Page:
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Desert Diary
Biology/Field Journal


Although field biologists frequently focus on obtaining and preserving samples of organisms necessary for research, there is an equally important—some would say more important—source of knowledge: field notes. Most biologists working in the natural laboratory of the outdoors learn to keep a field journal recording such mundane facts as where they are doing work; who's accompanying them; exactly what they're doing and how; and what the weather, terrain, vegetation, and animal life is like at a study site. Such records will be invaluable when the time comes to analyze and write up results of their field research.

There is another reason for such notes, though. Much of what we know about the early Southwest comes from journals kept by soldiers and early naturalists. Likely, much that is being written by today's naturalists will be needed to inform coming generations of researchers. General descriptions of regions abound, but who else notes the biological particulars about a specific place on such and such a date. The overview is easily found; the nitty gritty details almost never anywhere else.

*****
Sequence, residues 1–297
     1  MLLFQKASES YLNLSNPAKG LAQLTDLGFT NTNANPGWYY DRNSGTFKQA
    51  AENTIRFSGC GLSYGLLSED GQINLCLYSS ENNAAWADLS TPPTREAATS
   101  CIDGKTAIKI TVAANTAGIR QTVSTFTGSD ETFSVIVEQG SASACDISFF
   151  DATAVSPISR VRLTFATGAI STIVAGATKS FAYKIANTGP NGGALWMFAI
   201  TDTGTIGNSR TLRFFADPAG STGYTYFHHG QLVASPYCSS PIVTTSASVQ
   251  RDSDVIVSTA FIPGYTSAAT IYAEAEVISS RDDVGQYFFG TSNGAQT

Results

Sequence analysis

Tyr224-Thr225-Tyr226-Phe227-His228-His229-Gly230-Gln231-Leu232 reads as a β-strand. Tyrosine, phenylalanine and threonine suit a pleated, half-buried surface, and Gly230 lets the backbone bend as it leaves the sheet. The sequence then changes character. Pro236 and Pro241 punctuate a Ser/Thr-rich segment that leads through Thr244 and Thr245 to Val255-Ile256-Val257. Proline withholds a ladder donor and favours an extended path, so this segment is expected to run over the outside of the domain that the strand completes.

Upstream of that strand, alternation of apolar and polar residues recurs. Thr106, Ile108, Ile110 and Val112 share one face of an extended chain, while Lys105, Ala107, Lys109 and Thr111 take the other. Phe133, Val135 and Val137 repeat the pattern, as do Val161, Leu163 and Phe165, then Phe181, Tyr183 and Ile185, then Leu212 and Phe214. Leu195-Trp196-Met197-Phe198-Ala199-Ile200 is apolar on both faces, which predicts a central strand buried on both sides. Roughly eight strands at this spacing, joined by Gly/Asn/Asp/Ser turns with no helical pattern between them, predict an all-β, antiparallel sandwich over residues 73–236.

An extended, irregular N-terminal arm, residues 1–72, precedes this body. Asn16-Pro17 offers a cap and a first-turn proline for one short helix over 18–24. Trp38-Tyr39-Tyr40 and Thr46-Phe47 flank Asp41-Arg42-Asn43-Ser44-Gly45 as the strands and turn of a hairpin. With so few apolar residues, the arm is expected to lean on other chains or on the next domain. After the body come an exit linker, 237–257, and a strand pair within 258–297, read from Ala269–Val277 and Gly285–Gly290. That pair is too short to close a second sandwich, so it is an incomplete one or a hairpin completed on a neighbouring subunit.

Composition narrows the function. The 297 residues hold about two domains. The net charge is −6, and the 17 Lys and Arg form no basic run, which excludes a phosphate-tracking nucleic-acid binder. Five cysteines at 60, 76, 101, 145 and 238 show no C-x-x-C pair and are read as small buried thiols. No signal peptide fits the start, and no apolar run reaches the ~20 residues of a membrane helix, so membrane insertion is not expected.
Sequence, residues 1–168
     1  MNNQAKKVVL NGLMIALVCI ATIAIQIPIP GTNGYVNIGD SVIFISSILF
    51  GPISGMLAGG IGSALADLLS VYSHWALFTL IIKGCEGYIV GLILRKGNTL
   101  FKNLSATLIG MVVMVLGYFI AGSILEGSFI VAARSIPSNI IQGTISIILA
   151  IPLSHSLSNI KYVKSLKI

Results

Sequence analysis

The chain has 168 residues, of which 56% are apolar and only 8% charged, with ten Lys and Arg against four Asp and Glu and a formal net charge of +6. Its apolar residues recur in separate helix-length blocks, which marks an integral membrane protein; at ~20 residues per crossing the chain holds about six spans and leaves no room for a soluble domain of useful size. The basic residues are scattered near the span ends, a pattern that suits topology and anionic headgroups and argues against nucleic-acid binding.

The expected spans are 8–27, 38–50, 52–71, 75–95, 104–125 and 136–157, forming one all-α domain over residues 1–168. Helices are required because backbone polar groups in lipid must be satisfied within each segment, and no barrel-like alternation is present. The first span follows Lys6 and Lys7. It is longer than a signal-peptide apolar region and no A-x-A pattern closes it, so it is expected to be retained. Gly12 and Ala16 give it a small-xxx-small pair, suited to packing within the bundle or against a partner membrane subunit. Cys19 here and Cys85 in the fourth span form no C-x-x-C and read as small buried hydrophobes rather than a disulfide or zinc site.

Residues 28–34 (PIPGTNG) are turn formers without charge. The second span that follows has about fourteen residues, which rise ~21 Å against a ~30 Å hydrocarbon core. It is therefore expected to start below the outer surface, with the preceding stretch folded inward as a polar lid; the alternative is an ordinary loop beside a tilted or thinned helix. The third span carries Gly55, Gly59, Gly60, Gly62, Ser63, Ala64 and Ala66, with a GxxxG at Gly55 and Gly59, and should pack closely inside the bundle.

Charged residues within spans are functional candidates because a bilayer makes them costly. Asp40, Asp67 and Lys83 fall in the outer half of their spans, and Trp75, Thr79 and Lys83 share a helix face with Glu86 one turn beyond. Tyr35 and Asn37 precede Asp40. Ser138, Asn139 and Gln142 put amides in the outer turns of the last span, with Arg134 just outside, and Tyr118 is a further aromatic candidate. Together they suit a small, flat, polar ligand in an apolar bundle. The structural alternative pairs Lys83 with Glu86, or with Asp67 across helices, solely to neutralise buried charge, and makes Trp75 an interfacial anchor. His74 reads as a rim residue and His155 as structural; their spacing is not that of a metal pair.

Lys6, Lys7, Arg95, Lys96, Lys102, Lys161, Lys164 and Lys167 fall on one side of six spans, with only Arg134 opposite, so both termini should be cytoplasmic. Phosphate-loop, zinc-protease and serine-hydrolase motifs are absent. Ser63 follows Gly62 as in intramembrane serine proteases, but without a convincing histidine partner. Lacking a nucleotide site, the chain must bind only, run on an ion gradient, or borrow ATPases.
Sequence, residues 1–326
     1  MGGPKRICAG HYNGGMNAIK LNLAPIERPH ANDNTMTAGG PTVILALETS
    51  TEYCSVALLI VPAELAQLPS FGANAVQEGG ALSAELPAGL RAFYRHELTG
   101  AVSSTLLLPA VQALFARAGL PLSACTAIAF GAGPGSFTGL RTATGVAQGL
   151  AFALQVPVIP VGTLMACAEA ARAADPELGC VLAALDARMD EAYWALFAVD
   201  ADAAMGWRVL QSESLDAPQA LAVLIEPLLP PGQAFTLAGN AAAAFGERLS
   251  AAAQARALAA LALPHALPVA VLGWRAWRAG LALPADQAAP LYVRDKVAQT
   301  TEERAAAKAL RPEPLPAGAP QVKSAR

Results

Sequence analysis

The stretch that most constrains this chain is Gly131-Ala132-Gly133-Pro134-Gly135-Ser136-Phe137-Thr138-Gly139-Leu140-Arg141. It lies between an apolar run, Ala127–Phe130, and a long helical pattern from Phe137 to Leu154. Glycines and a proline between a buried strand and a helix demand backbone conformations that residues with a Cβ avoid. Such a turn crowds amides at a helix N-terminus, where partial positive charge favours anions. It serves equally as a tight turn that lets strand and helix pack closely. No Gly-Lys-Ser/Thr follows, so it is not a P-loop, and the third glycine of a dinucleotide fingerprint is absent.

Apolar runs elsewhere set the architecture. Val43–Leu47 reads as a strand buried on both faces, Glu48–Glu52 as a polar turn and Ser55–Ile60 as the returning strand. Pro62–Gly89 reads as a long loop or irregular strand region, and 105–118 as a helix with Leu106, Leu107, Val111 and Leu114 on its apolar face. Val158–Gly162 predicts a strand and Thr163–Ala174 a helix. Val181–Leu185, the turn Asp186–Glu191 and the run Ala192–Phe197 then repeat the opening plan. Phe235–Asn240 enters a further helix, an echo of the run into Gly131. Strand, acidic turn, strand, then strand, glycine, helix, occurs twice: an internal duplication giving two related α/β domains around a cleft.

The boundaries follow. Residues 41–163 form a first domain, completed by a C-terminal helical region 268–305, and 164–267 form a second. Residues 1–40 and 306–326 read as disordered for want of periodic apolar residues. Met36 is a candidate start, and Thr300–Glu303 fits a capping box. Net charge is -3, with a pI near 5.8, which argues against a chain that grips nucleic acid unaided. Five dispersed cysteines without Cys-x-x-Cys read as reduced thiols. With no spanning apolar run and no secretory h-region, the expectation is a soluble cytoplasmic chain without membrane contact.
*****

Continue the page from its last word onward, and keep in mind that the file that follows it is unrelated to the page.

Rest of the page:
pen and ink

Listen to the Audio (mp3 format) as recorded by KTEP, National Public Radio for the Southwest.


Contributor: Arthur H. Harris, Laboratory for Environmental Biology, Centennial Museum, University of Texas at El Paso.

Desert Diary is a joint production of the Centennial Museum and KTEP National Public Radio at the University of Texas at El Paso.

page of journal

Page of a field journal.